How to prepare for a crisis?

Martin Lonsky
April 2, 2020

As events are unfolding every day, an important question for businesses has become: how can we minimize the impact?

In the beginning it’s vital to be aware of all the links in your business so that you can make a risk assessment.

Take, for example, what happens when we consider our suppliers. It's quite risky to rely on only one exclusive supplier. Every activity in your business should have a way of buffering their supply, preferably through at least two (or three) different suppliers. Having only one supplier is very unstable for your business. It is even better to spread your suppliers out geographically so you have suppliers from different locations, meaning that if something happens in one area you can still count on your other suppliers to come through. All of this will, however, have an impact on your margins.

Mapping the suppliers locations is necessary and so is calculating the costs (associated with more expensive suppliers) and adjusting it to the marketing and business strategy. A lot of companies seek cheaper suppliers for lowest prices but they fail to take into consideration their margins. The truly savvy business owner, even in these trying times, is able to sell a more expensive product of a higher quality (for example products with Czech Made label).

Cost-cutting without analysis

The other key aspects are internal processes. In times of crises, the processes are even more important than ever. The natural reaction of companies with decreasing profits is to cut costs. Without the process audits they tend to “tighten their belts”, which can lead to undesirable results. Ineffective and unsystematic cost-cutting can also jeopardize the stability of your company and lead to a long-term economic slump (e.g. firing key employees, terminating a strategic contract, etc.). However, this can successfully prevent process companies that audit and uncover the interior and exterior dependencies. It's never too late for process auditing and so is never too late for revising process and supplier links.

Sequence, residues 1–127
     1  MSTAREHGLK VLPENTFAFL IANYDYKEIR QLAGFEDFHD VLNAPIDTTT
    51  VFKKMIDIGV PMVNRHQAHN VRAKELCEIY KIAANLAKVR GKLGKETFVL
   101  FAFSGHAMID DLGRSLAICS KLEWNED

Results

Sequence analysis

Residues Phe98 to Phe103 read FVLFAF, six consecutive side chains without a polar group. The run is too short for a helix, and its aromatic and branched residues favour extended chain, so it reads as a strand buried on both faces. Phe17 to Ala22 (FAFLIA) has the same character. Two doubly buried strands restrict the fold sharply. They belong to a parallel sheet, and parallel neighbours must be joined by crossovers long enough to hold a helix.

What are the advantages of mapping processes during a crisis?

If you know all your supplier links (for example, using BPMN (ISO/IEC 19510:2013) and you are able to easily and visually conceptualize them, it will be that much easier to detect weak spots. If you limit or totally eliminate those weak spots, it follows that they won't have much of an impact on your business.

Management aimed at creating strategic plans (whether it's offensive, crisis, or defensive) usually require mapped processes and authorities. During crisis preparations, the role of management is to look for the strengths (to be increased) and weaknesses (to be limited). Strengths and weaknesses need to be mapped in detail. This includes what activities have to be carried out and what impact it will have on each department and on the customers.

Create the process maps and a strategy

Start with drawing the processes and create a process database (including the links between them). There are a lot of software solutions for that, including In advance you can use the services of our professionals.

Once you have identified all the dependencies and competences, you have a very strong tool for creating a strategic plan which will be based on real metrics.

Start now.

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